• 2/24/2015 - I’ve been watching PBS’s and National Geographic’s program: “EARTH A New Wild takes a fresh look at humankind’s relationship to the planet.” (#EarthWildPBS) For me this series highlights the critical role that wildlife plays in our environment, our life support system, and how we had better learn how to live with wildlife better than we have recently. Wildlife ain’t just road kill and for harvesting. Wildlife are not pets; while they may seem indifferent to us and us to them, they make our environment work. A major part of adapting to Climate Change, which is rarely discussed at the local level is the need to help our wildlife adapt to a warming that is occurring far faster than our wildlife can adapt. They are going to need our help. In order to folks to appreciate the role of wildlife in our environment, we need to understand the role the play because as things become more dear, we are going to be asked to fork over a lot of resources (money and land and water) to preserving these vital parts of our environment. Because we haven’t been focusing on Wildlife, many creatures fate may already be in deep trouble.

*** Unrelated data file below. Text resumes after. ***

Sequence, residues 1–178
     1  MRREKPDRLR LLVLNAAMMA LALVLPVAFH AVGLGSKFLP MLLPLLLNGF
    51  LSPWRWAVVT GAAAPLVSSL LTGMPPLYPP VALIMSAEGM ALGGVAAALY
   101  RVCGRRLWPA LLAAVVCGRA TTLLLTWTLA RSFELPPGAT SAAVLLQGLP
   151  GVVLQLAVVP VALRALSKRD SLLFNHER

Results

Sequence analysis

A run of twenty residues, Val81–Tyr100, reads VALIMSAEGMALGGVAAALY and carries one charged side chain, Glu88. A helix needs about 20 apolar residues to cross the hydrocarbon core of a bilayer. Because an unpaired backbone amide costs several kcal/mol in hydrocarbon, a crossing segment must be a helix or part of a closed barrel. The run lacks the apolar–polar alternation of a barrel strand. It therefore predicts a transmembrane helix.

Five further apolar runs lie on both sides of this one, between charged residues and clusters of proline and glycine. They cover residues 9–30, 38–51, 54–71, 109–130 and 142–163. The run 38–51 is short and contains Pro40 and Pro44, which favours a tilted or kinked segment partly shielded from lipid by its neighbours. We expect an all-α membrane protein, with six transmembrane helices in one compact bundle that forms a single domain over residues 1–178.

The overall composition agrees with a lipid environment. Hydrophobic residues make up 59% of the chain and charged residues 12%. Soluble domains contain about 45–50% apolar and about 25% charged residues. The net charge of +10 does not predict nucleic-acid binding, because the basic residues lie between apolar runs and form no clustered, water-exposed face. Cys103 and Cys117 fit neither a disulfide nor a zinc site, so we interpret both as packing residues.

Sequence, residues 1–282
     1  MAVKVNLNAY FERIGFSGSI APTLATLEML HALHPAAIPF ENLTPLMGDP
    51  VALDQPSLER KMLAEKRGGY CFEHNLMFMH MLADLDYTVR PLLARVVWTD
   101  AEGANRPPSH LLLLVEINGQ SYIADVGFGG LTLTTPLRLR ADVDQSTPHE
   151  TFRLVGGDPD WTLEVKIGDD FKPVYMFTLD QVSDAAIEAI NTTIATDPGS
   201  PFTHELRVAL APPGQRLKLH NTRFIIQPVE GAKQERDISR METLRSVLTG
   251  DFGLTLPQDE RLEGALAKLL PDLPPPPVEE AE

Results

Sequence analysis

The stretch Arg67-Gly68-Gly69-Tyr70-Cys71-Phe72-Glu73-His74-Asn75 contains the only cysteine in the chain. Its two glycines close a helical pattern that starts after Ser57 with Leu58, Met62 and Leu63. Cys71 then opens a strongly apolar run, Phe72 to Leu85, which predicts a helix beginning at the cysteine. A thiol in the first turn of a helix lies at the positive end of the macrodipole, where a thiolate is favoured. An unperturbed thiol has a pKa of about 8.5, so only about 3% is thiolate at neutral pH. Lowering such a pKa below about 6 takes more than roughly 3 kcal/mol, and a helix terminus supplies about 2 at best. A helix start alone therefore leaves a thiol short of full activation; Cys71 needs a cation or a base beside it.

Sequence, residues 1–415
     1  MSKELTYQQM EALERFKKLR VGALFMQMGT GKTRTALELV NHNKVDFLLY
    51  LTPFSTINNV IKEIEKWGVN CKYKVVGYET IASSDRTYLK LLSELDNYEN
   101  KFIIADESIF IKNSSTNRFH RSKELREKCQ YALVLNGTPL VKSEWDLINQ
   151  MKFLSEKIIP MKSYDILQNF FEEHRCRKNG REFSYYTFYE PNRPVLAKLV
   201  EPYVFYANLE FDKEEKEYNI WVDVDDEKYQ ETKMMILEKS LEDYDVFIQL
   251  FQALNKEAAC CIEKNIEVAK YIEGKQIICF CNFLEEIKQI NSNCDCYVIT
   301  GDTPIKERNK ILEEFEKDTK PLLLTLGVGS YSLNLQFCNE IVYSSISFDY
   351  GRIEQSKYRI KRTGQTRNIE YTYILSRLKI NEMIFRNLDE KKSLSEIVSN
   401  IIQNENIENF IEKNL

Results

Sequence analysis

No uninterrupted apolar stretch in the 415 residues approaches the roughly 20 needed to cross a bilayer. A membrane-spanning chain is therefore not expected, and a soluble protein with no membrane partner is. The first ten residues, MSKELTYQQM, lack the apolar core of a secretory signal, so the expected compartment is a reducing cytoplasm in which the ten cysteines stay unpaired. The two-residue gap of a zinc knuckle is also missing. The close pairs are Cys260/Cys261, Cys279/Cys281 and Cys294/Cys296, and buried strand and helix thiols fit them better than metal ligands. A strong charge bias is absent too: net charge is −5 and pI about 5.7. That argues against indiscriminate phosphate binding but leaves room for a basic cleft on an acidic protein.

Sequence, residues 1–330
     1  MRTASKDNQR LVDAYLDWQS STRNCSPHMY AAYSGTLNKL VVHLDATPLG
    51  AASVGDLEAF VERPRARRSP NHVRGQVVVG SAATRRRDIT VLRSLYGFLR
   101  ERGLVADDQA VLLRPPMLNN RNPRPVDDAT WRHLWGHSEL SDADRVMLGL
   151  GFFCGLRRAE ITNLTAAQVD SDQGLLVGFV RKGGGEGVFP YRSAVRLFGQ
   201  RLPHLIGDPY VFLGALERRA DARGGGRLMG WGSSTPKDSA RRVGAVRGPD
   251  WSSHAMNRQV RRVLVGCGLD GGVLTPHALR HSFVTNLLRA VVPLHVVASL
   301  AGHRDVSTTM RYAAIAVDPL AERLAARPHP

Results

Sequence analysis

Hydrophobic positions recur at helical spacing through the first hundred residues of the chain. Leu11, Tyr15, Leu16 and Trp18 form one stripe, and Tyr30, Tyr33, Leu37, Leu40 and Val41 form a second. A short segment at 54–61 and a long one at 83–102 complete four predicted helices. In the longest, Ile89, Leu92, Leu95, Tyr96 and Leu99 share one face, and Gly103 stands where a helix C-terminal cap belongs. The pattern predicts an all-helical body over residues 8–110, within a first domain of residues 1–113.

• 2/23/2015 - Rochester, or any other community for that matter, will not ‘lose’ on harsh winters if they plan for Climate Change properly. One of the consequence of Climate Change is that it is going to be hard to predict how our region’s weather is going to change year-to-year, though on the whole it will get warmer. Some years may get little snow and little cold (like the average since 1970) and others will get an extraordinary amount of snow and cold like this year. Our Climate is getting whacky because of Climate Change. If we begin messaging Climate Change in the media and government, the public will be more prepared and more likely to support more measures to adapt to and mitigate Climate Change. If not, we will cope as best we can, until we can’t. Rochester faces subzero temperatures, and loses (February 15, 2015) Rochester Democrat and Chronicle [more on Climate Change in our area]